“Let us therefore strive to enter that rest, so that no one may fall by the same sort of disobedience.” Hebrews 4:11

The word translated in the ESV as strive, spoudazo, carries the idea of exertion or diligent effort.  It’s root is also used in Hebrews 6:11, “And we desire each one of you to show the same earnestness to have the full assurance of hope until the end “

The word of exhortation in Hebrews 4:11 is for believers to exert themselves by faith and obedience, with a constant, diligent effort until they reach the finish line and enter God’s rest.  It is an effort that is led by the Spirit, fueled by grace looking unto Jesus, the Author and Finisher of our faith, who has secured our victory and will bring us to the completion of our race.  Nevertheless, it is an active Christian life, not a passive one.  It is a Spirit-led life in which we are clothed with the armor of God and equipped to wield the sword of the Spirit with the expectation of battle.

Letting go and Letting God tells us to, “lie quietly before [God].  Open all the avenues of our being, and let Him come in and take possession of every chamber.  Especially give Him your heart – the very seat of your desires, the throne of your affections. ” (Naselli, pg. 39-40)  However the book of Hebrews presents a drastically different, less passive approach to our pursuit of holiness, which culminates in the finality of reaching God’s eschatological* rest.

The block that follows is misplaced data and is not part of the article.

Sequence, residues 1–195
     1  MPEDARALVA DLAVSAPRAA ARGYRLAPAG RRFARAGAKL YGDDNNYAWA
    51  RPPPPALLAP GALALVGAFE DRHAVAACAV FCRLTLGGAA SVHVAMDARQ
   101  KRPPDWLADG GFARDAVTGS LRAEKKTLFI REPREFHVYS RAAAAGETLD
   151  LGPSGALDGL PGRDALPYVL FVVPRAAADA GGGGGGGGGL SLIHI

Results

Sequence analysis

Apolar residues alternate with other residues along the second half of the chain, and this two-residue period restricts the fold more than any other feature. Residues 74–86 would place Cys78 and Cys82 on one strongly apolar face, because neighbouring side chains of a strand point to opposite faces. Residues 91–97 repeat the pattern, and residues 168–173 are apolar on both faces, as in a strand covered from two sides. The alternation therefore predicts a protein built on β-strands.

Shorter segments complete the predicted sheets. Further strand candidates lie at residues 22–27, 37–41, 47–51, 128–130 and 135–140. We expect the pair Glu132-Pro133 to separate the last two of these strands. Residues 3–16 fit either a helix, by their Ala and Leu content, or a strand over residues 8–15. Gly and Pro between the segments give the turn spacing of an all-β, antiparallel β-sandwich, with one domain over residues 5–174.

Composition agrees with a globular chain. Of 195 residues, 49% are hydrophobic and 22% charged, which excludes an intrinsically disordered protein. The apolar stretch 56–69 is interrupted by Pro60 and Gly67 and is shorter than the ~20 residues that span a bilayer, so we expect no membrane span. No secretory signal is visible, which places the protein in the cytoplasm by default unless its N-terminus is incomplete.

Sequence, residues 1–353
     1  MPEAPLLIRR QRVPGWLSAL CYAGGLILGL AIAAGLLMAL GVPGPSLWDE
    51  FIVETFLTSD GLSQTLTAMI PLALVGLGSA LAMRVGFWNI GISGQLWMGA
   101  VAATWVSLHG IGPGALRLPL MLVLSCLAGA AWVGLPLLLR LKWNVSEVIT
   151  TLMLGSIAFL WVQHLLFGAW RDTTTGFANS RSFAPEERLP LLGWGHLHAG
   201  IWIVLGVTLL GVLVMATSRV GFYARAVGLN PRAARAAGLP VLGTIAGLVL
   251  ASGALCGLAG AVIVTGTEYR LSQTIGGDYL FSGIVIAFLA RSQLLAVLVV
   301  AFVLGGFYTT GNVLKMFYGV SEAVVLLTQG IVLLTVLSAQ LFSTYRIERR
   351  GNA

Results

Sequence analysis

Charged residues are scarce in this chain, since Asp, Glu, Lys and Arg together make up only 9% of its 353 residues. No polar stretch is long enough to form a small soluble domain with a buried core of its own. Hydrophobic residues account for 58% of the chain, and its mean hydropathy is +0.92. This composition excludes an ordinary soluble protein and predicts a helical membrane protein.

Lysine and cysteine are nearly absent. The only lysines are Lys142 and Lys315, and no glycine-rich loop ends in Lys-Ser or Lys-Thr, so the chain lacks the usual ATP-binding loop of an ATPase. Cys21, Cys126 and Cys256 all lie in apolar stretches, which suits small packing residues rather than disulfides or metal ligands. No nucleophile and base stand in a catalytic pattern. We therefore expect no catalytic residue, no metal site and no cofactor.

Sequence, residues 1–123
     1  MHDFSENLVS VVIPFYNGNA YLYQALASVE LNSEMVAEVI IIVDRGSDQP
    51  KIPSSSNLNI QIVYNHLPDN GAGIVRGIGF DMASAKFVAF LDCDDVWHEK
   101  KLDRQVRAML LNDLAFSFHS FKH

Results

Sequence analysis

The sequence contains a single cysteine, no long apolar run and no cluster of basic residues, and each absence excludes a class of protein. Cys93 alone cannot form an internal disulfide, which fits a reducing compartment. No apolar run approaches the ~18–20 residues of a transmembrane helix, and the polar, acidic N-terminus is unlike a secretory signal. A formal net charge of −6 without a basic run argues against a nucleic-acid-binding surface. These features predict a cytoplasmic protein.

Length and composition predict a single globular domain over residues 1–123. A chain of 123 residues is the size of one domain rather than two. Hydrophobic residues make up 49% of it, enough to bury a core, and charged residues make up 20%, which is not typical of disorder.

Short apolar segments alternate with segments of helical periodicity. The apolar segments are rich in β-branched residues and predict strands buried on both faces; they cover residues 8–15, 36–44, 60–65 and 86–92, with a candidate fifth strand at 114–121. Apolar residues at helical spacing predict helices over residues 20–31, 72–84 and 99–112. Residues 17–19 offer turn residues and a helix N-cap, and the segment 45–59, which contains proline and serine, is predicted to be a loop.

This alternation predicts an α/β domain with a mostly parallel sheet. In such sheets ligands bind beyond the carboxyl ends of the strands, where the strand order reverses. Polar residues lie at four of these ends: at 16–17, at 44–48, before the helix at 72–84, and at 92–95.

It calls us to strive.  To earnestly pursue.  To diligently make it our business.  There is not a letting go, there is a holding on, yet in our Christian duty to pursue Christ with a passion and mortify the deeds of the flesh we may become faint and weary, as did the Wilderness Generation.  We may encounter opposition from within and persecution from without.  Yet it is especially in these moments that we are exhorted to keep on believing and keep on obeying, persevering to the end.  It is here that we may realize that the holding on was through no efforts of our own, but by the preserving hand of Almighty God who has held on to us every step of the way.

 

 

*eschatological – final; ultimate end.

Keep Yourselves from Idols

 

“Little children, keep yourselves from idols.” 1 John 5:21

With these words the Apostle of love concludes his first epistle with an exhortation that the saints are to avoid idolatry of the heart.  While not his primary interest, throughout the letter John provides a series of tests for evidence of faith, namely through increasing knowledge of God, growth in holiness, and expression of love for others.  With this in mind, it becomes all the more interesting that he concludes his letter as a father toward his children with a statement of keeping oneself from idols.

In beginning our exposition of this verse, we may ask, what are idols?  Why are we to keep ourselves from them?  And how are we to keep ourselves from them?  The Old Testament often outlines the image into which the New Testament supplies the paint and it is true with regard to idols as well.  In the Old Testament we get a clear picture of what idolatry looks like.  For example, at the foot of Sinai, restless for the return of Moses, Aaron leads the people into fashioning a golden calf: